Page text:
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Asymmetric FDI and Tax-Treaty Bargaining: Theory and Evidence"

  • Richard Chisik

    ()

    (Florida International University Department of Economics)

  • Ronald B. Davies

    ()

    (University of Oregon Economics Department)

Tax treaties are often viewed as a mechanism for eliminating tax competition, however this approach ignores the need for bargaining over the treaty’s terms. This paper focuses on how bargaining can affect the withholding taxes set under the treaty. In a simple framework, we develop hypotheses about patterns in treaty tax rates. A key determinant for these patterns is the relative size of bilateral foreign direct investment (FDI) activity. In plausible situations, more asymmetric countries will negotiate treaties with higher tax rates. This theory is then tested using 1997 data from U.S. bilateral tax treaties. Overall, the data supports the prediction that greater asymmetric FDI activity increases the negotiated tax rates.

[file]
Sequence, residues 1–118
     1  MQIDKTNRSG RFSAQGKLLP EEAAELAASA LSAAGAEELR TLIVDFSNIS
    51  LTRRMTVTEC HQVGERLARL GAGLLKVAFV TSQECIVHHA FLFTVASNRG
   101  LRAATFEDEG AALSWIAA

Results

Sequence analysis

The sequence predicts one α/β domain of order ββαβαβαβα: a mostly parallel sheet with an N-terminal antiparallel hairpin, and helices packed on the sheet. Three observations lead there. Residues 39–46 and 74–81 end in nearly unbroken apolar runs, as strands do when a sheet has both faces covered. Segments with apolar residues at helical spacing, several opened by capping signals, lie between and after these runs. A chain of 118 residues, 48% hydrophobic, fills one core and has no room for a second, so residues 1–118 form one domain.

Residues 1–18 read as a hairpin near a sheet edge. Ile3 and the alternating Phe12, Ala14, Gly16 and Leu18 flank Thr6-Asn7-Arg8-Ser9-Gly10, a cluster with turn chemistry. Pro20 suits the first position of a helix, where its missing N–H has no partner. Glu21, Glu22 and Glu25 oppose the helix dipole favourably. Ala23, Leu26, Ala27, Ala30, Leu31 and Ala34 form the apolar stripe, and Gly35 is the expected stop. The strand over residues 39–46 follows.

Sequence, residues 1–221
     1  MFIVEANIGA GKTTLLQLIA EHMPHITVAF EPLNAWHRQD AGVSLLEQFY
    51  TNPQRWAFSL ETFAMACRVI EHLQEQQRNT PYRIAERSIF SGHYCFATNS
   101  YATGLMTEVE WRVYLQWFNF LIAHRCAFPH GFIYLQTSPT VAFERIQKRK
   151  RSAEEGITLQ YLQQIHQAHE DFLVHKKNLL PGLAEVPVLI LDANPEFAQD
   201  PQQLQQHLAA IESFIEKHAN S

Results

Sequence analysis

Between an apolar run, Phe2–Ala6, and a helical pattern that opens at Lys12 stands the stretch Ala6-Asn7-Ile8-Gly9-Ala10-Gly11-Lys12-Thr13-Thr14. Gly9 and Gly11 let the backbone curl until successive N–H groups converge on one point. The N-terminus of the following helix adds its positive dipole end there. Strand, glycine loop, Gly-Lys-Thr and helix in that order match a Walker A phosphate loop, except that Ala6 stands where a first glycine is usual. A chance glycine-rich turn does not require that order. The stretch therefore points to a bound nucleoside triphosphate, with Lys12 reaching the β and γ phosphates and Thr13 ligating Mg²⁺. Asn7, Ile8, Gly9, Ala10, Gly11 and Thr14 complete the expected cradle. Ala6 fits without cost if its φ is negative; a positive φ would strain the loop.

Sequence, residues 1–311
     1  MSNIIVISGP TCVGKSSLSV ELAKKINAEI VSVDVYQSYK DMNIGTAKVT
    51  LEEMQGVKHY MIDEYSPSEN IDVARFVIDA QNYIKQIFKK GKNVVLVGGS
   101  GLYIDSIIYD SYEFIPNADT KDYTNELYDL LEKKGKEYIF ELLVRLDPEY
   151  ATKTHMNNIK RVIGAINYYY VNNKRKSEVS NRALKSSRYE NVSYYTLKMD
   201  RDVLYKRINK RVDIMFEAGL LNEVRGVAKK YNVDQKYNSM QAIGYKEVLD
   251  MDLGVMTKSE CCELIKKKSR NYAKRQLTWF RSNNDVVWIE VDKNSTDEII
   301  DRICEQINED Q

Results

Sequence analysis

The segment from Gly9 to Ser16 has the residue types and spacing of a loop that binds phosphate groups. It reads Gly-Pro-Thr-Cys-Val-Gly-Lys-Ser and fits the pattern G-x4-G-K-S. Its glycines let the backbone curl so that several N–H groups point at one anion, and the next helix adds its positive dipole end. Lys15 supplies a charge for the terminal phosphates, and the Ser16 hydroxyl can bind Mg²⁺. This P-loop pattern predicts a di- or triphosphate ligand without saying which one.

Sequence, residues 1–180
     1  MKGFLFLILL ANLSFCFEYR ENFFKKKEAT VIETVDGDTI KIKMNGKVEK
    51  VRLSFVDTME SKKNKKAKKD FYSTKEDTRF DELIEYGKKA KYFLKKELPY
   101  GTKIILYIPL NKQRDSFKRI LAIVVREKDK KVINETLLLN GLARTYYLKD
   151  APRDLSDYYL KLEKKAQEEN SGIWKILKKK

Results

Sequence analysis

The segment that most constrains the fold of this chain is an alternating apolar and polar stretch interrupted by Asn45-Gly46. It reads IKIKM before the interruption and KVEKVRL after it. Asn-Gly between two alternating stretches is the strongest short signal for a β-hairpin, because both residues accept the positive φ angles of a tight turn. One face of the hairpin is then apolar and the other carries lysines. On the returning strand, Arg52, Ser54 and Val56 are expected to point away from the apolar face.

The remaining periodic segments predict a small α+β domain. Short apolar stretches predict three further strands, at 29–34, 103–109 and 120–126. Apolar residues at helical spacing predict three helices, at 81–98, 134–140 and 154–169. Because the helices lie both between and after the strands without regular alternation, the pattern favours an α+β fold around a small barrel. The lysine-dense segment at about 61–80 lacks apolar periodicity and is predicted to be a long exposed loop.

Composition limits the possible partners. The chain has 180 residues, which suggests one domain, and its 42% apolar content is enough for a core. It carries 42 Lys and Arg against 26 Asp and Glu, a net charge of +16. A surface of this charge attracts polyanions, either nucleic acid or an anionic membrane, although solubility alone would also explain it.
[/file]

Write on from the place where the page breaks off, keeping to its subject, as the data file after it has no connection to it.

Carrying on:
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Paper provided by University of Oregon Economics Department in its series University of Oregon Economics Department Working Papers with number 2001-2.

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Length: 39
Date of creation: 01 Apr 2001
Date of revision: 01 Jun 2002
Handle: RePEc:ore:uoecwp:2001-2
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